Friday, April 30, 2021

When the Past is Alive

 Most of us look at our past as...the past. As in yesterday's news. Been there and done that. Maybe we learned a lesson or two.

But for some of us, those of us marked by trauma, the past isn't behind us. Or at least, it's not always behind us. Sometimes it's right beside us. Sometimes it's right inside us. 

The past, for some of us, is alive. That's how Bessel van der Kolk describes it in his bestselling The Body Keeps the Score. And that's how he explained it to Kate Bowler on her amazing podcast, Everything Happens

If you haven't watched Bowler's TedTalk, please do. Right now. It details how Bowler was diagnosed with cancer. Far too young. Far too frightening. And that experience took her out of her conviction that everything happens for a reason and left her stranded at everything happens. 

We know that place, don't we? Betrayal. The place where awful things can happen for absolutely no good reason at all. Or at least no reason that makes sense, that we're willing to accept. And no, "my husband is an idiot" isn't a palatable reason for infidelity. Neither is, "to teach us something," even if this pain does, in fact, often teach us something. 

But back to Ver Der Kolk. He was on Bowler's podcast to talk about trauma, which is his speciality. Bowler herself experienced trauma when sick, when she discovered that the doctors she turned to for healing weren't available to her unless her insurance company said they were. She felt betrayed and abandoned by a system she had believed had her back. 

Yeah, I saw the parallels too.

And I felt such recognition when van der Kolk said for those of us who've experienced trauma, "the past is alive". The way he describes it is that trauma shows up in our bodies in a way that feels immediate. We're walking along the street and notice a man who reminds us our abusive father. We don't think to ourselves, "that guy looks like Dad", our bodies flood. Our breath becomes shallow. Our vision narrows. We want to fight. Or flee. Or freeze. Sometimes, when it's someone with whom we have a relationship, we want to fix.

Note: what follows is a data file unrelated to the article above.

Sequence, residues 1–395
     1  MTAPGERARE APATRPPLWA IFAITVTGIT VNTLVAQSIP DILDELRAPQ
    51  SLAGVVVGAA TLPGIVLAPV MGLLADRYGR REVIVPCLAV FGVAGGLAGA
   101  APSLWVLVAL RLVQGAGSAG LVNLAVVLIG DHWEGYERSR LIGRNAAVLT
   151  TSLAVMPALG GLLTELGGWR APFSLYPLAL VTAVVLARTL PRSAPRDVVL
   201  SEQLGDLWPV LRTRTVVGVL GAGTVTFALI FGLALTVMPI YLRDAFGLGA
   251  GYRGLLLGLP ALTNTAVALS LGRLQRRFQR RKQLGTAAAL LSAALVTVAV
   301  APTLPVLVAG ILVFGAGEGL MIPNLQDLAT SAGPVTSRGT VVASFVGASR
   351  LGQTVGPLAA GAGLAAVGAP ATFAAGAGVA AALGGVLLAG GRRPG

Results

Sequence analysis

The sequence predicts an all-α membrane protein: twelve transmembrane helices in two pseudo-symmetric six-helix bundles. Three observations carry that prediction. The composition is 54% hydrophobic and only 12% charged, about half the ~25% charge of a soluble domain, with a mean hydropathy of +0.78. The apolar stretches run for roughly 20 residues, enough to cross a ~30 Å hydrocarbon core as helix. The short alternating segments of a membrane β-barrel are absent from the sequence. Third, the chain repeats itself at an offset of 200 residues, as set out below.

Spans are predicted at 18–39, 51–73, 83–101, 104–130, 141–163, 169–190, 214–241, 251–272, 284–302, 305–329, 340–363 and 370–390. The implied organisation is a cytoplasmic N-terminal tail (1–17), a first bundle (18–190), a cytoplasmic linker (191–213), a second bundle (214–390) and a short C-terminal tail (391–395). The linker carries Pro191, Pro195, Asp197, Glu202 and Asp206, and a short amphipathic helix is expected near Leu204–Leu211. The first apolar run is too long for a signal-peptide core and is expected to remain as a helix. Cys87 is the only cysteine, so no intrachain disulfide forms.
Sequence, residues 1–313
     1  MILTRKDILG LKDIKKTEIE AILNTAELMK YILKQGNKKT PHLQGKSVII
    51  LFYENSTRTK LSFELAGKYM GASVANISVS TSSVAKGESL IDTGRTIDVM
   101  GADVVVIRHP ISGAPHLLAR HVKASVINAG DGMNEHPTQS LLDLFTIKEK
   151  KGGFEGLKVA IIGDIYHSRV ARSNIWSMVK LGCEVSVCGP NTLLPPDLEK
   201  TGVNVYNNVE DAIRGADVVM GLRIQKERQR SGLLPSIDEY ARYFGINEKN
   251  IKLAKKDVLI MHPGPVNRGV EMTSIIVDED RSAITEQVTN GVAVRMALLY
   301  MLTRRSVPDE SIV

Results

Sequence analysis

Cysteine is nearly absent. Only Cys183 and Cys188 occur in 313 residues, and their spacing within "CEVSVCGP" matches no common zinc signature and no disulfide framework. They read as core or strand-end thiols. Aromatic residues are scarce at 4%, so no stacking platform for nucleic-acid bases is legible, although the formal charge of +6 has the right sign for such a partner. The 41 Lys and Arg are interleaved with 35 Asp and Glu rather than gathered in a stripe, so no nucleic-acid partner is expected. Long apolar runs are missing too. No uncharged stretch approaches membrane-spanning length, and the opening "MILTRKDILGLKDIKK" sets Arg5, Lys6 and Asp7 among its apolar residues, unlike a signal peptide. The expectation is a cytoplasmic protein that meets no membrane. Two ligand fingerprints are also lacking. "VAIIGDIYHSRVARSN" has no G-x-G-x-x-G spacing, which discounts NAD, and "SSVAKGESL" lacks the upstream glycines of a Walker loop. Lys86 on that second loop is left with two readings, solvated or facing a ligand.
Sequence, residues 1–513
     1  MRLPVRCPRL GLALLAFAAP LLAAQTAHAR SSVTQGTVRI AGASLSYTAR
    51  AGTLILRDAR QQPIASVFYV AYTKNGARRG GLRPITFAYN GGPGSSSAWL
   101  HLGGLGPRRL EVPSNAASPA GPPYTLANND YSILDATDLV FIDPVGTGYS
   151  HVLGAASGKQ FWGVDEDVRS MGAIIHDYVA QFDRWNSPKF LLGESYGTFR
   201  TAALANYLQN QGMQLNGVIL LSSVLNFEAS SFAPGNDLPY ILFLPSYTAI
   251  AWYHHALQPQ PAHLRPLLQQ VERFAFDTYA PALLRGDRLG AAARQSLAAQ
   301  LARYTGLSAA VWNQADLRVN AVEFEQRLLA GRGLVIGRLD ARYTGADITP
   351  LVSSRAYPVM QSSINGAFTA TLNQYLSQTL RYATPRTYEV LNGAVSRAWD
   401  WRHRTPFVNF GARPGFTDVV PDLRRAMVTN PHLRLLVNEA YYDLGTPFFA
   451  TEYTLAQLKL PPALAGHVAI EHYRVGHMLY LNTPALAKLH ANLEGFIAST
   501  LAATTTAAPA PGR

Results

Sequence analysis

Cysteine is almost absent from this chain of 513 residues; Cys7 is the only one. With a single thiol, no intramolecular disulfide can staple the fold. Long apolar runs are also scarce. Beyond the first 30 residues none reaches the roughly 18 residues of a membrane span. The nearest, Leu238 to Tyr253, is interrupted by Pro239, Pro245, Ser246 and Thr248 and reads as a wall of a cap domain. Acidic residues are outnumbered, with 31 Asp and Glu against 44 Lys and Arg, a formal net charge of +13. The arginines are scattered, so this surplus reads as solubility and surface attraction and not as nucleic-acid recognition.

All trauma responses. All alive. All immediate.

As van der Kolk puts it, "Before too long everything sort of starts disintegrating because your whole body keeps behaving as if you’re back there again."

Back there again. In the past. Except it's our present. And so we dissociate from our bodies. Our brain tries to tell us we're safe. The danger is past. But our bodies are saying, no way. Don't believe you.

Reconnection is the way out of this past-present. Putting our brains and our bodies back on the same team. For van der Kolk, that path is through movement. Yoga. Martial arts. Dancing. It's about being alive, he says: "...your body is both a source of pain and a source of pleasure. So if you if you cut off sensation your body, which many times traumatized people do somewhat successfully, you also cut off your avenues for pain and for pleasure and for change reality and feeling satisfied and feeling alive."

The key is re-embodiment. Finding our way back to our bodies. Integrating those trauma experiences into our present so that we can examine them as what happened (past), not what's happening (present).

I turned to EMDR many years ago, which is something else van der Kolk recommends. It's feels very hocus-pocus-y but, let me tell you, it worked for me and for so many others with whom I've spoken about it. 

In the meantime, be gentle with yourself. Find something that reconnects you with your body. Yoga worked for me though there were times when, on the mat, I felt so vulnerable and naked and scared. Stay with it. Breathe through it. Running also worked for me. This is me getting stronger. Faster. So did hiking. I see. I smell. I hear.